• Registered Users Posts: 12,240 ✭✭✭✭ Cee-Jay-Cee


    since its illegal for a speedometer to under-read , and since most of them are based on a mechanical clock spring being driven by a small motor, the margin for error is built in under the basis that the clock spring may wear a bit over time , at some point towards the clusters dying day it will probably end up bang on , but its merely a compensation for the analog nature of the speedometer and the odometer would have the accurate reading.

    Sorry but you are decades behind in your knowledge of technology. Clock springs haven't been used since possibly the 70's/80's!


  • Registered Users Posts: 16,055 ✭✭✭✭ CiniO


    visual wrote: »
    Both are off by the same %

    In my experience they are not.
    All my cars had very precise odometer, and overreading speedometer.


  • Registered Users Posts: 26,407 ✭✭✭✭ Eric Cartman


    Sorry but you are decades behind in your knowledge of technology. Clock springs haven't been used since possibly the 70's/80's!
    Alun wrote: »
    Clock spring????? Maybe if you're talking about a 1959 Morris Minor.

    'Analogue' speedo dials nowadays are driven by digital stepper motors, so no 'wear' possible.

    this is a stepper motor from an e39 / e53 gauge cluster, not exactly brand new, but modern enough tech http://www.aliexpress.com/item/1PCS-Stepper-Pointer-Motor-for-BMW-E38-E39-E53-M5-X5-Instrument-Cluster-Gauges/32283790636.html these are still used in newer gauges but these are the ones I'm most familiar with and could find a pic of easily.
    $(KGrHqFHJEYE91+mLTCyBPhGMF8S)!~~60_35.JPG
    if you notice the clock spring on the front of the shaft there, this is used to create the smooth motion we're used to with gauges as digital steppers can be quite jerky when setting position, now over time the resistance this spring provides against the gauge returning to 0 changes, as does the strength of the magnets inside the motor , these will be minor changes over time, but at the risk of them wearing , auto makers put readings 5km/h ish over to compensate for this, making them 100% dead on would render any speedometer illegal in the event of a fault, this is simply a margin of error method that allows for minor changes in manufacturing standards, electrical issues (varying battery voltage, speed sensor degradation, signal interference, or alternator faults could even impact)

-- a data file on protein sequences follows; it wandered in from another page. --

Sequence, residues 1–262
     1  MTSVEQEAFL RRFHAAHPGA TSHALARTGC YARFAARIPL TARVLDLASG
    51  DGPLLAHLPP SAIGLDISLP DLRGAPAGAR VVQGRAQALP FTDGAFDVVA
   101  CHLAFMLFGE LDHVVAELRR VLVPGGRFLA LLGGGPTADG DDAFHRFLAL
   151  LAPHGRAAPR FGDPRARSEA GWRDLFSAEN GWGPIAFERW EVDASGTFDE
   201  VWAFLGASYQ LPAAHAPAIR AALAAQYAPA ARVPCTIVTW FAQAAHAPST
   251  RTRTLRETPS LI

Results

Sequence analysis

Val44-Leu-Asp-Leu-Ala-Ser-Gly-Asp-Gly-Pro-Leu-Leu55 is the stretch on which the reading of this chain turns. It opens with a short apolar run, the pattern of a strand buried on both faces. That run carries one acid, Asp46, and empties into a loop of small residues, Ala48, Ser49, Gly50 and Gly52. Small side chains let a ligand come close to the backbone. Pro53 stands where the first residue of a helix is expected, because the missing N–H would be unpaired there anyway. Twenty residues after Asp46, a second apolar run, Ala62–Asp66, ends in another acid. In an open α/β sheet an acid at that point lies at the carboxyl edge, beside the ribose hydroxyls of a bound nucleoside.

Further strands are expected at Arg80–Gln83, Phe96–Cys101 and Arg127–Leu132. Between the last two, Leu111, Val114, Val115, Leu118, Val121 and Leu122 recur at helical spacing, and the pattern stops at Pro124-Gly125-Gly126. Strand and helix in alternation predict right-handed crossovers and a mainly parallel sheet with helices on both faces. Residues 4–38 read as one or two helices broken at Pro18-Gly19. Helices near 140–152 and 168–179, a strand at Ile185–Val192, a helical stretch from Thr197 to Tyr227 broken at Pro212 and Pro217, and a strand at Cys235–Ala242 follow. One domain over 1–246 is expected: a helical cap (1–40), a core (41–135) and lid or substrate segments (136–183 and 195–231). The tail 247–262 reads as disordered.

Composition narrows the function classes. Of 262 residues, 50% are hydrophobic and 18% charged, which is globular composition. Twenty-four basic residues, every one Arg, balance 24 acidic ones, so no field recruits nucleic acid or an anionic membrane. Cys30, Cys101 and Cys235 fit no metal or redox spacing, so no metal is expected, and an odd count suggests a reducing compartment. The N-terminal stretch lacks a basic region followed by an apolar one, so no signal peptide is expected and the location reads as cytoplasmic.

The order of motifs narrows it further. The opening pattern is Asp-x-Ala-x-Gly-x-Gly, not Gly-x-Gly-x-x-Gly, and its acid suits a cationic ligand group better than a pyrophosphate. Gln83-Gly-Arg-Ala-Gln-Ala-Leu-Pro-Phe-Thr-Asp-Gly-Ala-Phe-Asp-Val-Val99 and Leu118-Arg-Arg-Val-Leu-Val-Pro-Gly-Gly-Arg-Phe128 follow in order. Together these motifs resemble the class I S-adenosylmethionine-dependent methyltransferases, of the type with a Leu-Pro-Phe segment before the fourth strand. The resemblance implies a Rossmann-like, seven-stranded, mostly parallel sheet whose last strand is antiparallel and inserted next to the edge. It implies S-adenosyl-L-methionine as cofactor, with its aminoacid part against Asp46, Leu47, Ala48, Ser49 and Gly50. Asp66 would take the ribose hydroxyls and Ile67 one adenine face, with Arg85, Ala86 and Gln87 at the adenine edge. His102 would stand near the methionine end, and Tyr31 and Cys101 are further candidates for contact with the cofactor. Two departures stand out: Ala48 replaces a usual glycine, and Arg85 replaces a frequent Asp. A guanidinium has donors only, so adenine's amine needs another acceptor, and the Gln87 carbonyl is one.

the clock spring , while not the essential piece it once was, is very much still there and not 'from the 70s'


  • Registered Users Posts: 20,864 ✭✭✭✭ Alun


    But stepper motors are capable of stepping in both directions and while I can imagine that spring might be useful as a means of damping down small oscillations as the motor steps, what would be the use of a self return spring in that case? A stepper motor will always step by the number of steps it's commanded to by the cluster software, no more no less, so any error will be a deliberate one programmed in at software level, not as a result of any other spurious factors such as battery voltage.


  • Registered Users Posts: 3,570 rebel.ranter


    In any BMW since the 90s you can code out the speedometer correction factor. It is deliberately set to over read speed to comply with regulations. There is a line in the KOMBI module called BC-Korrecter or something like that.

    Cars from the 70s for the most part had a cable driven speedometer, these were only accurate (& set to over read) between 30mph - 65mph as those was the enforceable speed limit area.


  • Registered Users Posts: 20,864 ✭✭✭✭ Alun


    Indeed, on my old Focus you could put the instrument cluster in to a kind of debug mode and read the true speed on the digital display. It tallied perfectly with the GPS speed. This proves the 'error' is software based.


  • Closed Accounts Posts: 26,661 ✭✭✭✭ OldMrBrennan83


    This post has been deleted.


  • Registered Users Posts: 17,978 ✭✭✭✭ Del2005


    Patww79 wrote: »
    This post has been deleted.

    GPS doesn't take hills into account so you can be going faster or slower than your true speed.


  • Registered Users Posts: 37 Innov


    The odometer is the one responsible for keeping track of the vehicle’s total distance driven throughout its entire lifetime. A speedometer keeps track of the speed at which a car is going at any given time. Finally, a trip meter is similar to an odometer but it only counts the distance of a trip and is resettable. 

    Hope this helps.. :)



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  • Registered Users Posts: 11,224 ✭✭✭✭ Dial Hard


    Six years later, I doubt it matters, tbh...



  • Registered Users Posts: 50,004 ✭✭✭✭ bazz26


    This is the second ancient thread dug up today to copy and paste the same thing. Someone has a semi for odometer/speedometer threads.